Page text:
Effects of sedentary behaviour interventions on biomarkers of cardiometabolic risk in adults: systematic review with meta-analyses.
British Journal of Sports Medicine 2020 ; 55: 144-154.
PubMed ID : 32269058
PMCID : PMC7841485
Observational and acute laboratory intervention research has shown that excessive sedentary time is associated adversely with cardiometabolic biomarkers. This systematic review with meta-analyses synthesises results from free living interventions targeting reductions in sedentary behaviour alone or combined with increases in physical activity.
Six electronic databases were searched up to August 2019 for sedentary behaviour interventions in adults lasting for ≥7 days publishing cardiometabolic biomarker outcomes covering body anthropometry, blood pressure, glucose and lipid metabolism, and inflammation (54 studies). The pooled effectiveness of intervention net of control on 15 biomarker outcomes was evaluated using random effects meta-analyses in the studies with control groups not providing other relevant interventions (33 studies; 6-25 interventions analysed).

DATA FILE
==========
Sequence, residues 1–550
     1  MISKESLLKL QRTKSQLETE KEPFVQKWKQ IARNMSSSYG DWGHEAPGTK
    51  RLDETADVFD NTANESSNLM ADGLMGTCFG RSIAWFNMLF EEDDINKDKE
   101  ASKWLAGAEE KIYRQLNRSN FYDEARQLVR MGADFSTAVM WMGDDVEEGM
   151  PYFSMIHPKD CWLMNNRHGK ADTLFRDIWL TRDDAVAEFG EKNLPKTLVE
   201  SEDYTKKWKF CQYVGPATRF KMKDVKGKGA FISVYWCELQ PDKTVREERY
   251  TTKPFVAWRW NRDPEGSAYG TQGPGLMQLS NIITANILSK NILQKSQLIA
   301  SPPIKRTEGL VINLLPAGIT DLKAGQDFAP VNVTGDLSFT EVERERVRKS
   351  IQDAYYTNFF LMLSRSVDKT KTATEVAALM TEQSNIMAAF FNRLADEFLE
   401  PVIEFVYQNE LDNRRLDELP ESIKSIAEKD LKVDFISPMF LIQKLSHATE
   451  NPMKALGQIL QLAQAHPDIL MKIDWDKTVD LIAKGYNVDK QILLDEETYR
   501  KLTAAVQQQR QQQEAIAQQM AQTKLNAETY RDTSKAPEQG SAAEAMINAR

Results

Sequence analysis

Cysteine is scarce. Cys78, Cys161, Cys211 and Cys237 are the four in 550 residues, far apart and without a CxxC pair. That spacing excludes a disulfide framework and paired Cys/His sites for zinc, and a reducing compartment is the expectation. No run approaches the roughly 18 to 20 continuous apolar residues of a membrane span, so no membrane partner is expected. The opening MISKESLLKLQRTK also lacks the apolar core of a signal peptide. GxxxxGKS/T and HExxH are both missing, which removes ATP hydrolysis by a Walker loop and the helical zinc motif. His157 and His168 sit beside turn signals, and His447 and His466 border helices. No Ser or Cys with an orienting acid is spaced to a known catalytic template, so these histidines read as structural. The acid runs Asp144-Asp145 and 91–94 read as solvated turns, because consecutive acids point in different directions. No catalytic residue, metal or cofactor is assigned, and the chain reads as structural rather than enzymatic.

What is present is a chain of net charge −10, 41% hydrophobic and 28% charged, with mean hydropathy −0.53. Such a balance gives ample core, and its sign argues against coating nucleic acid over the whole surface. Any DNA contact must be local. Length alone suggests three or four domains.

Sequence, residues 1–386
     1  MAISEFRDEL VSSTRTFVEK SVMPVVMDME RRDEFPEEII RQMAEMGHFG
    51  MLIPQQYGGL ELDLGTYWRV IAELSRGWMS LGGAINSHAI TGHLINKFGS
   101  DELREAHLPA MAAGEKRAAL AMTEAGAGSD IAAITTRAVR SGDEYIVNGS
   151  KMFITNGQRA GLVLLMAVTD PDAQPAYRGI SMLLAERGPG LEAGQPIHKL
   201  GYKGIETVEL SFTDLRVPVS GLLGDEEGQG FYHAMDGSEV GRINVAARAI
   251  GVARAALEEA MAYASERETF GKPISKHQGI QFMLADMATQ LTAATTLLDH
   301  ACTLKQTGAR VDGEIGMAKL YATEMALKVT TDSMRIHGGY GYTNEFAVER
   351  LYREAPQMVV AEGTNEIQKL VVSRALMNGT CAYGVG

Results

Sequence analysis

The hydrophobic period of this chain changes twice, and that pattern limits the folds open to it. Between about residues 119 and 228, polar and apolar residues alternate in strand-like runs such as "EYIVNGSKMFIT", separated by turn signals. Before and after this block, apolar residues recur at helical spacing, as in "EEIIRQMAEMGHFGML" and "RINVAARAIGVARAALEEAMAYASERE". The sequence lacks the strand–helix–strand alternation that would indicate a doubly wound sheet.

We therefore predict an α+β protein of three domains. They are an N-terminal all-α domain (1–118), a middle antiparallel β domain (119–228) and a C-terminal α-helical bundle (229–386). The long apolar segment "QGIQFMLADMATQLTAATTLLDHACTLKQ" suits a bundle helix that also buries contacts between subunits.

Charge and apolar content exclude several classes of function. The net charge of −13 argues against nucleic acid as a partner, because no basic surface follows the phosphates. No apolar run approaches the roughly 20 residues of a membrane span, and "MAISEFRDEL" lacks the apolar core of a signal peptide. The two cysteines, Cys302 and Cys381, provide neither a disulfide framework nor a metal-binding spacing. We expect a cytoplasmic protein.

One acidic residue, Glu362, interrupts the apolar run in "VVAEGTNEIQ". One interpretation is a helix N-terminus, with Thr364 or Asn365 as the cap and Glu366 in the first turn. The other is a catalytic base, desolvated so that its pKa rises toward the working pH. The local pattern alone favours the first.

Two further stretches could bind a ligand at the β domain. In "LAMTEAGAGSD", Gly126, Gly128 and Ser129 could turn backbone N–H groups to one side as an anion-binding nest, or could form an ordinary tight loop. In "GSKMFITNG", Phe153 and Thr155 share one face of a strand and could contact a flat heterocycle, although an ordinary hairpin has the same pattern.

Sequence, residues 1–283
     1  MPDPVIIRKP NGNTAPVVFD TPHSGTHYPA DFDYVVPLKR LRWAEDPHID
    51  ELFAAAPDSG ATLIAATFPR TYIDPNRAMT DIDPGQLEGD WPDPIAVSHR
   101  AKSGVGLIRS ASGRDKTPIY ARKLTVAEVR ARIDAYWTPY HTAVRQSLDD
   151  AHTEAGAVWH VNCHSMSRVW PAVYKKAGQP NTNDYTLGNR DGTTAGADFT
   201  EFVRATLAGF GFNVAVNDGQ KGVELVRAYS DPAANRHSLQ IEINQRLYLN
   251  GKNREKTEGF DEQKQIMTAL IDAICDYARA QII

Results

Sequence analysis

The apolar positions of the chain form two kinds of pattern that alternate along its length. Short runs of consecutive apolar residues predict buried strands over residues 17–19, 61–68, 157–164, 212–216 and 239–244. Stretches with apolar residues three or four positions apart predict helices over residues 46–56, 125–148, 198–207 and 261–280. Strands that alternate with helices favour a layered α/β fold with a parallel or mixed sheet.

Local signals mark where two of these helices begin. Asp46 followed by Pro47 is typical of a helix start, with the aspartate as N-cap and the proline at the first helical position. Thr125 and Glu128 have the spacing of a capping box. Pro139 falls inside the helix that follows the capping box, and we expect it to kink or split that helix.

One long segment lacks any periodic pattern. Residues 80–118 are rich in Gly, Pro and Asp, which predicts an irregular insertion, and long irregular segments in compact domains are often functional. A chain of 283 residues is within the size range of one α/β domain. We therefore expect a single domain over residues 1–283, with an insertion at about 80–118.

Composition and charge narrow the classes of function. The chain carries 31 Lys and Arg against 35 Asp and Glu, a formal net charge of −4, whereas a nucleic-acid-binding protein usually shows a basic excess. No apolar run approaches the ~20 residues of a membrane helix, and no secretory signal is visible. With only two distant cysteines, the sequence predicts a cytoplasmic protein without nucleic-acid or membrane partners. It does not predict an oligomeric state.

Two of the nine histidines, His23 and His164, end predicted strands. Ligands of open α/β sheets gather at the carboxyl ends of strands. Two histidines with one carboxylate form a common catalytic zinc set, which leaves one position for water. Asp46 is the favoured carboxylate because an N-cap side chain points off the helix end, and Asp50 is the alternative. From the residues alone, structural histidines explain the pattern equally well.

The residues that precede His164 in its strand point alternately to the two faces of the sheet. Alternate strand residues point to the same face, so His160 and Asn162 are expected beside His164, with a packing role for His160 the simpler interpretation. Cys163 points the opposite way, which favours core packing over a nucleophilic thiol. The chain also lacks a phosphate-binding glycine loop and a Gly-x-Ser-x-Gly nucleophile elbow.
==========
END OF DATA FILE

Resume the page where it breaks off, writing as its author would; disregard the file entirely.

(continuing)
Interventions between 2 weeks and <6 months in non-clinical populations from North America, Europe and Australia comprised much of the evidence base. Pooled effects revealed small, significant (p<0.05) beneficial effects on weight (≈ -0.6 kg), waist circumference (≈ -0.7 cm), percentage body fat (≈ -0.3 %), systolic blood pressure (≈ -1.1 mm Hg), insulin (≈ -1.4 pM) and high-density lipoprotein cholesterol (≈ 0.04 mM). Pooled effects on the other biomarkers (p>0.05) were also small, and beneficial in direction except for fat-free mass (≈ 0.0 kg). Heterogeneity ranged widely (I=0.0-72.9).
Our review of interventions targeting sedentary behaviour reductions alone, or combined with increases in physical activity, found evidence of effectiveness for improving some cardiometabolic risk biomarkers to a small degree. There was insufficient evidence to evaluate inflammation or vascular function. Key limitations to the underlying evidence base include a paucity of high-quality studies, interventions lasting for ≥12 months, sensitive biomarkers and clinical study populations (eg, type 2 diabetes).